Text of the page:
chang-2And so in 1927 we also encounter cartoons like this one by Alan Dunn that at once dismiss out-of-town conventioneers (here: an Elks Club) as a bunch of ignorant racists, yet the early New Yorker’s own depictions of blacks was usually limited to Mammies and simple-minded minstrels.

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The massive Graybar Building made its debut at 420 Lexington Avenue, the multi-tiered edifice impressing the “Talk of the Town” editors with the latest technology, including push-button elevators: 

The Graybar Building (history.graybar.com)

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PERMANENT INFESTATION…The Graybar’s rain canopy cables include anti-rat devices (cones) decorated with rats. If you look carefully, the rosettes anchoring the cables are also decorated with rat heads.

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The following advertisement needs some explanation: The 1867 Tenement House Act imposed constraints on height and lot coverage that large apartment buildings routinely violated.

According to an article in the Observer by Stephen Jacob Smith (April 30, 2013), “Some developers got out of these requirements by building co-operative buildings, without rental units, but others wanted to retain the revenue and control that came with rentals, while at the same time building larger structures than the tenement laws allowed. And thus was born the ‘apartment hotel.'”

The New York Times’s columnist Christopher Gray wrote (Oct. 4, 1992) that Apartment Hotels were a “widespread fiction of the period,” and “tenants in fact usually set up full kitchens in the serving pantries.” Smith adds that “one of the reasons apartment hotels were allowed to be built more densely than their fully residential counterparts was that there would be no cooking—a fire hazard in those days—in the units.” An so the ad:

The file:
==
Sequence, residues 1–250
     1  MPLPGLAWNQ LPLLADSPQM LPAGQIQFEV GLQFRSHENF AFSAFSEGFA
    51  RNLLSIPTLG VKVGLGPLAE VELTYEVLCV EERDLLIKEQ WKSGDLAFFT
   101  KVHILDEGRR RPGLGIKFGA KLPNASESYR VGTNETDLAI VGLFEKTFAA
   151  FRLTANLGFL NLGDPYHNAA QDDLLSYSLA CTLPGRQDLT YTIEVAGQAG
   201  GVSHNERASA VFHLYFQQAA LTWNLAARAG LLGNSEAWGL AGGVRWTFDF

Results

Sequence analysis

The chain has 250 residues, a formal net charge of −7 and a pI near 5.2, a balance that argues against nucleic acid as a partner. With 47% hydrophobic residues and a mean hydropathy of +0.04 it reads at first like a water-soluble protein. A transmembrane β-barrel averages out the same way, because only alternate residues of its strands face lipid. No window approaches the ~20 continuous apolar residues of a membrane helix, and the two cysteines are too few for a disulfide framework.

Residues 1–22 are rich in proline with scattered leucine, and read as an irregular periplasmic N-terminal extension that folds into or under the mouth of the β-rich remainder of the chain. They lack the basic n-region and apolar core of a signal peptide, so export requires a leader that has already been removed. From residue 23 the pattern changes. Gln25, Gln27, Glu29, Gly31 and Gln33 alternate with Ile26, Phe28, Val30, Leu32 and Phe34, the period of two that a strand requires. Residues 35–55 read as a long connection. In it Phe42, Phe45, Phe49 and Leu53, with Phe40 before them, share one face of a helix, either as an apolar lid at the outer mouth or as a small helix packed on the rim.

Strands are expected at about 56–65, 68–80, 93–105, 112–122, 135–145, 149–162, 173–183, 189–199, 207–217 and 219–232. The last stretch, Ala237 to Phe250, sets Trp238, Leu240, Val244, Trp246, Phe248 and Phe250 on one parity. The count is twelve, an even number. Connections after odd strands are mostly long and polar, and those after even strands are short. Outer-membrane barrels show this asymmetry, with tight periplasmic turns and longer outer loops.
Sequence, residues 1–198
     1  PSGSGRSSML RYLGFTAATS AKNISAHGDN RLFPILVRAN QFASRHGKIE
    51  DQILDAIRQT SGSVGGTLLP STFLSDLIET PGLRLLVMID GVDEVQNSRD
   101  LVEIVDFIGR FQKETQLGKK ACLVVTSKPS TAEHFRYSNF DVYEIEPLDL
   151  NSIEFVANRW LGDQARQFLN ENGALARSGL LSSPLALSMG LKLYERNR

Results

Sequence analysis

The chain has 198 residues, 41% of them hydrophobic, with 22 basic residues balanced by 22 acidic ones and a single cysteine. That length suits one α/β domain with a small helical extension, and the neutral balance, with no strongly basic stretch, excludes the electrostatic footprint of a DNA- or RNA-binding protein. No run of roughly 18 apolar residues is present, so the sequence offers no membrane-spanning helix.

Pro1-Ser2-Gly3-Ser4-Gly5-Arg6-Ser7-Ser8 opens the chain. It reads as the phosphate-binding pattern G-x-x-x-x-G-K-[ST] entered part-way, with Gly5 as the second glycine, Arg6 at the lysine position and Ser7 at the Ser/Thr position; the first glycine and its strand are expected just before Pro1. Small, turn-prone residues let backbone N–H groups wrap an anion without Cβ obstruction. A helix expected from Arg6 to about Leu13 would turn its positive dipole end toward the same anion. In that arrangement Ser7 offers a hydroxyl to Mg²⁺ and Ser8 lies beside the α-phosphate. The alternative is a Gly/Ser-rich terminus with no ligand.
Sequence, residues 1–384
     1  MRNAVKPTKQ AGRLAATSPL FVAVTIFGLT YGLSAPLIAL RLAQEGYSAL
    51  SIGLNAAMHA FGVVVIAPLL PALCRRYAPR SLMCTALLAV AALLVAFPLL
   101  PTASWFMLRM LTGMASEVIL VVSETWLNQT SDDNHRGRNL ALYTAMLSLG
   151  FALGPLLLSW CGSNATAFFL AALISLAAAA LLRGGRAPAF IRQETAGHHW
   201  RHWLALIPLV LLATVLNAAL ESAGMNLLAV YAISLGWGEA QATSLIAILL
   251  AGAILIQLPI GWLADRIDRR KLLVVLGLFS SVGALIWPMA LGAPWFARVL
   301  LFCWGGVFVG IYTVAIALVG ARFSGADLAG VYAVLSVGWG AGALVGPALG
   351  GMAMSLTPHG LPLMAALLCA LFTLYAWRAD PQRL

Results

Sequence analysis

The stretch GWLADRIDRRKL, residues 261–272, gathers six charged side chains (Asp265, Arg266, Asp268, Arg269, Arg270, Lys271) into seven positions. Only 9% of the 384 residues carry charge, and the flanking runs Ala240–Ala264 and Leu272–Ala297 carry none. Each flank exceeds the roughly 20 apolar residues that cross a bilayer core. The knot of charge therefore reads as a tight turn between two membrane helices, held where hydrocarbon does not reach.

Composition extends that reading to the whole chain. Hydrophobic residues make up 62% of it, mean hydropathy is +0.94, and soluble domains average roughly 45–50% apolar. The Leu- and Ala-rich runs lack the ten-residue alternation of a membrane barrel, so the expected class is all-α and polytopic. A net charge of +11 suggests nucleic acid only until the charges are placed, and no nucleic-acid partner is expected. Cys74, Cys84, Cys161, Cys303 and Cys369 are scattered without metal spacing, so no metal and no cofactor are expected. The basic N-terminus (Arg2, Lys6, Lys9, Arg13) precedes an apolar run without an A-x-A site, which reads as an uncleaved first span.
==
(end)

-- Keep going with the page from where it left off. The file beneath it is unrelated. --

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Smith writes that by calling their buildings ‘apartment-hotels,’ builders could claim that as hotels they were outside of the rules of tenement legislation. He notes that “some of Manhattan’s most illustrious buildings were constructed using this legal sleight of hand,” including the Sherry-Netherland on Park Avenue.

The famous scaffolding fire at the Sherry-Netherland, which I featured in my last post, no doubt prompted developers to run the following ad in hopes that people would soon forget about the giant roman candle that burned bright near Central Park on the evening of April 12, 1927.

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If you are ever in New York, check out the Sherry Netherland. It is a beautiful building.

And finally, this ad from the makers of Wildroot hair care products. I love the flapper artwork by John Held Jr., and even better the words “CRUDE-OIL SHAMPOO” displayed prominently as a selling point.

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Next Time…Mode de Vie…

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Batter Up

The cover of the May 8, 1926 issue featured this Bauhaus-style rendering of a baseball player by Victor Bobritsky in anticipation of the 1926 season:

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After a terrible 1925 season (and Babe Ruth’s infamous stomach ache), in 1926 the New York Yankees would begin to form a batting lineup that would become known as “Murderers’ Row.” They won the AL pennant in 1926 (losing to the St. Louis Cardinals in a seven-game World Series) and in 1927 they would go 110-44 and sweep the Pittsburgh Pirates in the World Series. More on that when we actually get to 1927.

The May 8 issue offered more coverage of Spanish actress-singer Raquel Meller’s first-ever visit to America, which caused quite a sensation:

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Raquel Meller